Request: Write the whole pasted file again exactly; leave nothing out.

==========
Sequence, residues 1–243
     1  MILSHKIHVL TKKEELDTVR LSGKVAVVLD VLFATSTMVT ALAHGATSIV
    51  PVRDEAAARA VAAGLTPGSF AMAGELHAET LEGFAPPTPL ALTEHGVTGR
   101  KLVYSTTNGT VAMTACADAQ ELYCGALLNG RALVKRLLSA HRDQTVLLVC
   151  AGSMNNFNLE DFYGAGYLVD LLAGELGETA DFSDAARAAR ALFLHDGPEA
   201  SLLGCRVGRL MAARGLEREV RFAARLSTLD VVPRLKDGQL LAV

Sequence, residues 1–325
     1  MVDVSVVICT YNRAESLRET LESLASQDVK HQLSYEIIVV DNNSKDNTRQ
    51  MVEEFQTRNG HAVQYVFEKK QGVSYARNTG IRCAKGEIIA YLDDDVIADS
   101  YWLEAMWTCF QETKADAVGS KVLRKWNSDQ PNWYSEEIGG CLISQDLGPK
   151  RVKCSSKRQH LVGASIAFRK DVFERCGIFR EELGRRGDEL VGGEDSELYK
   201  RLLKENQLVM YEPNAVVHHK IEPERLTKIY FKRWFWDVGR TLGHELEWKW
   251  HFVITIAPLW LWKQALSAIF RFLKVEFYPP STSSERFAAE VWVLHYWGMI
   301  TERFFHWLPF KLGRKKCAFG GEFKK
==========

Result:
Sequence, residues 1–243
     1  MILSHKIHVL TKKEELDTVR LSGKVAVVLD VLFATSTMVT ALAHGATSIV
    51  PVRDEAAARA VAAGLTPGSF AMAGELHAET LEGFAPPTPL ALTEHGVTGR
   101  KLVYSTTNGT VAMTACADAQ ELYCGALLNG RALVKRLLSA HRDQTVLLVC
   151  AGSMNNFNLE DFYGAGYLVD LLAGELGETA DFSDAARAAR ALFLHDGPEA
   201  SLLGCRVGRL MAARGLEREV RFAARLSTLD VVPRLKDGQL LAV

Sequence, residues 1–325
     1  MVDVSVVICT YNRAESLRET LESLASQDVK HQLSYEIIVV DNNSKDNTRQ
    51  MVEEFQTRNG HAVQYVFEKK QGVSYARNTG IRCAKGEIIA YLDDDVIADS
   101  YWLEAMWTCF QETKADAVGS KVLRKWNSDQ PNWYSEEIGG CLISQDLGPK
   151  RVKCSSKRQH LVGASIAFRK DVFERCGIFR EELGRRGDEL VGGEDSELYK
   201  RLLKENQLVM YEPNAVVHHK IEPERLTKIY FKRWFWDVGR TLGHELEWKW
   251  HFVITIAPLW LWKQALSAIF RFLKVEFYPP STSSERFAAE VWVLHYWGMI
   301  TERFFHWLPF KLGRKKCAFG GEFKK